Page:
Your campaign introduction should give backers a clear understanding of what your product is, what problem it solves, how it compares to other products on the market, and why it’s important to them. Don’t make people read the entire campaign page to understand the basics, but use the basics to entice them to read further.

Campaign copywriting doesn’t stop there. Some of the most successful campaigns read like long-form sales pages, and include a lot of in-depth content.

Here are some additional resources to help you with your campaign copywriting:

Public relations (PR)

Reaching out to people who write about your niche is an important part of any crowdfunding campaign. When you hear “PR,” your mind might go straight to pitching stories to big name media outlets, but whether you’re contacting large media outlets, smaller bloggers, or social media influencers, many elements of your approach will be the same.

Build a sizeable list of contacts, and do your research

It’s a hard truth to accept: most of the people you reach out to will ignore you. Bloggers and media reporters receive dozens of pitches a day and can’t possibly respond to all of them.

Do your research to create a media list with a broad reach, but not so broad that it becomes irrelevant. That means making sure the people you’re contacting actually cover subjects and industries related to your campaign. Pitching people who don’t cover your niche wastes your time and theirs.

Consider if these points apply to each person on your media list to make sure you’re pitching the right people.

  • The writer has previously covered other crowdfunding campaigns—bonus points if they were in a similar industry.
  • Your product is in the industry the writer covers.
  • Your product builds on or relates to the writer’s previous coverage.

Reach out before your campaign launches

There’s no reason to wait until you go live before reaching out to press and influencers. Your campaign will do much better if it gets strong coverage—and support—within the first few days of its launch.

Write a compelling pitch

Your pitch should be concise and to-the-point. Tell reporters and bloggers how your product fits into their beat, and hit your most important points. Also include a link to your video—it’s the quickest introduction to your product, and can be easily embedded into a story or blog post.

Not sure how exactly to finesse your pitch? Use this template as a starting guide.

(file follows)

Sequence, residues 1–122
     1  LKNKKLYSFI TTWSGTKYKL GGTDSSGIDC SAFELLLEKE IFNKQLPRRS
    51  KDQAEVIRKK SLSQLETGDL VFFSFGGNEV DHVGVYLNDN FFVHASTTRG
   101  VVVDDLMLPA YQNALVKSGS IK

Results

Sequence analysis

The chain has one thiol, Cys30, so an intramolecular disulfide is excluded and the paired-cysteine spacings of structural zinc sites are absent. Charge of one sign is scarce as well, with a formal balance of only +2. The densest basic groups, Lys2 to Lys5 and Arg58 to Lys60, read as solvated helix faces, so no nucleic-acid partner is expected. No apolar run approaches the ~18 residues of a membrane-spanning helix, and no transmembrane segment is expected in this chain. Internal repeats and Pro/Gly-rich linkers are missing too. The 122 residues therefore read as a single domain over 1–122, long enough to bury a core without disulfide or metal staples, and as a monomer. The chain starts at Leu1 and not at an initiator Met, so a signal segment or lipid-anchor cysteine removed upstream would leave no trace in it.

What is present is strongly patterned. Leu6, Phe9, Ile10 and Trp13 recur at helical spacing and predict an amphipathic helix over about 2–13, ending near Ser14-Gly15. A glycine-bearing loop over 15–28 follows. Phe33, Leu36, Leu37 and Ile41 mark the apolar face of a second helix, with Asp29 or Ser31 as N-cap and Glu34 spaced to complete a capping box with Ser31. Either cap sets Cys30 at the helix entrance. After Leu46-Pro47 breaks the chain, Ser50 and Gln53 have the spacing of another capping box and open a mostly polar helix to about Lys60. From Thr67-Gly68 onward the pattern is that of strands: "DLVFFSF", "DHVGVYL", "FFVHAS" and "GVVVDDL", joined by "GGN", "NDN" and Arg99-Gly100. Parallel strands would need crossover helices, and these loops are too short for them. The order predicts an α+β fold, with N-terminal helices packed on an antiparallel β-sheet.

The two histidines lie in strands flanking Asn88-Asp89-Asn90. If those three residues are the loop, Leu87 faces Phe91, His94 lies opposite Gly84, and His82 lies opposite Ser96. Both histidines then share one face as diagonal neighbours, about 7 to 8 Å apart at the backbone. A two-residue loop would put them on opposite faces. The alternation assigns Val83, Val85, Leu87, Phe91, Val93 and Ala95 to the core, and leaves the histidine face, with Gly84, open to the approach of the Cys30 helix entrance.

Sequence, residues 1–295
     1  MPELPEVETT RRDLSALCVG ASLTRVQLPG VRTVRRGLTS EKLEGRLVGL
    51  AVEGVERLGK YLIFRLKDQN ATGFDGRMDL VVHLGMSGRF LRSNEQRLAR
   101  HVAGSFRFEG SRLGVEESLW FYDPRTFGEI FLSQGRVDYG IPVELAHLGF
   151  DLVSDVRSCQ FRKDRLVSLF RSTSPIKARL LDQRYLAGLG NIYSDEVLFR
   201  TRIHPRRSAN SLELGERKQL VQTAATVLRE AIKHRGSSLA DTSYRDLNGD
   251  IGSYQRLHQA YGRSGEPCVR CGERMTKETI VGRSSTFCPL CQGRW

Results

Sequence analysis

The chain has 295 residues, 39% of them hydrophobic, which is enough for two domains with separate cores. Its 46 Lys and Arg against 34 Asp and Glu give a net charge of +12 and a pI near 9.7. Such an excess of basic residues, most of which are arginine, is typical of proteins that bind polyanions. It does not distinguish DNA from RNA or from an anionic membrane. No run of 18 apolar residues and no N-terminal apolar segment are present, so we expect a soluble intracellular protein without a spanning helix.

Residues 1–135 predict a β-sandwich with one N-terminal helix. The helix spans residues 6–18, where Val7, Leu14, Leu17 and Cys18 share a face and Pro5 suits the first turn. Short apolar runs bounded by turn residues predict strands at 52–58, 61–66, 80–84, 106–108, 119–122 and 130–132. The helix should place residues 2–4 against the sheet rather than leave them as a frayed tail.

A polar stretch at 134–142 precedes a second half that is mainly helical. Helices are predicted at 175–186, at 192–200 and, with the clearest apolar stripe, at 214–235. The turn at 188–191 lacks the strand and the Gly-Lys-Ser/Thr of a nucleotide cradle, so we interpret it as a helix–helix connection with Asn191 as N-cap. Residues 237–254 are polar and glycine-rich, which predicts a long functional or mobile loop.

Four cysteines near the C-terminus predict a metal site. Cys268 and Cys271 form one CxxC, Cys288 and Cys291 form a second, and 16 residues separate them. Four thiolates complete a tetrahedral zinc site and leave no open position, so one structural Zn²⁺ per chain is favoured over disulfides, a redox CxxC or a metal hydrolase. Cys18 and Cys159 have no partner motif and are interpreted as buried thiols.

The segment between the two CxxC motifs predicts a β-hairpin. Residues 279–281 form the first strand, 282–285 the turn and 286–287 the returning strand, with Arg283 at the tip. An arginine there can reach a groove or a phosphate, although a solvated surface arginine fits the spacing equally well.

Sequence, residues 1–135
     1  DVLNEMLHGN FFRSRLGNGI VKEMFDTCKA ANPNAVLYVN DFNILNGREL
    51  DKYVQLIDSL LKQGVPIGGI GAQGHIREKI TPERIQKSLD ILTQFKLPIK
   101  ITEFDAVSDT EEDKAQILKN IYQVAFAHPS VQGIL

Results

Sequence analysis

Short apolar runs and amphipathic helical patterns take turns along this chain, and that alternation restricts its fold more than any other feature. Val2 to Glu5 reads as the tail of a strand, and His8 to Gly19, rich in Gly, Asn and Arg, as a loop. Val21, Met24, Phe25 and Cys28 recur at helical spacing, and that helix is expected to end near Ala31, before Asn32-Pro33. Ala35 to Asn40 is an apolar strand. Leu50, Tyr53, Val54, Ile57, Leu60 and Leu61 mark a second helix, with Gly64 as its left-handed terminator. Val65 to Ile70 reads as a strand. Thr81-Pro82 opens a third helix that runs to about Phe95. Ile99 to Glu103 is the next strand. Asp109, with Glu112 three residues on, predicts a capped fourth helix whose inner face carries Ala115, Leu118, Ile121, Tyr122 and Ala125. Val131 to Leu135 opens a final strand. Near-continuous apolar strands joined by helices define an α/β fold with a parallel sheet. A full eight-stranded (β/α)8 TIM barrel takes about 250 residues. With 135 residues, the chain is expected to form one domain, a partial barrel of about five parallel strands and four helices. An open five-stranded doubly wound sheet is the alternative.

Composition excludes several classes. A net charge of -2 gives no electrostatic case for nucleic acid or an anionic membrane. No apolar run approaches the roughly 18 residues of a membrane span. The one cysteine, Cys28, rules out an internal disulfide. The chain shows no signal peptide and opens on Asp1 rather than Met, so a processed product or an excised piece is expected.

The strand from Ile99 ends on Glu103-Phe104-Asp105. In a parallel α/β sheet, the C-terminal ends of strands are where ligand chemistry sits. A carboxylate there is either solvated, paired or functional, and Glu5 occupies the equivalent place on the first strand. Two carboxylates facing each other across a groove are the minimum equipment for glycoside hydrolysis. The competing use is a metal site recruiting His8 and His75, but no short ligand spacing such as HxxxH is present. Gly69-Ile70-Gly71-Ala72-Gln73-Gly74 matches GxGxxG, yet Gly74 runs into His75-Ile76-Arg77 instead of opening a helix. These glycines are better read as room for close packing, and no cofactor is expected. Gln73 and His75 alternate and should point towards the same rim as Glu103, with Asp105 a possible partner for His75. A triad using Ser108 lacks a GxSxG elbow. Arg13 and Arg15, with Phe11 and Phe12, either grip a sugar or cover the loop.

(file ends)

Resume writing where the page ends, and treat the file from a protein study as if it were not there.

Don’t stop pitching after your campaign launches. Writers are always looking for relevant, interesting stories, and the media has a soft spot for DIY successes. Do another round of media outreach once your campaign has some traction.

Personal outreach

Attention on social platforms can be as helpful as media coverage. Use your personal network to create buzz in the days before you launch. Ask people you know to share details of your campaign on their social media feeds, blogs, or newsletters. This initial traction can help you get additional press coverage and even grab the attention of your chosen crowdfunding platform, many of which often look for successful projects to highlight.

Don’t forget to use your personal blog or social media feeds to reach your extended network. Don’t overwhelm with email blasts and group messages, but send a few reminders about the campaign and personally contact anyone you think will help spread the word.

How to start promoting your crowdfunding campaign

Planning a successful crowdfunding campaign from start to finish

Much of your crowdfunding campaign’s success will be determined by your marketing efforts. But there are other important elements you also need to plan, including your campaign’s timeline and the logistics of fulfilling backer rewards—not to mention making the transition to a sustainable long-term business after your campaign is done.

Setting timelines

Shorter campaigns set a tone of confidence. They should be long enough that you have time to build interest and reach your biggest potential audience, but not so long that they become background noise. Seeing that a campaign has just a few days remaining creates a sense of urgency for potential contributors, motivating them to act now, rather than later.

Choosing perk levels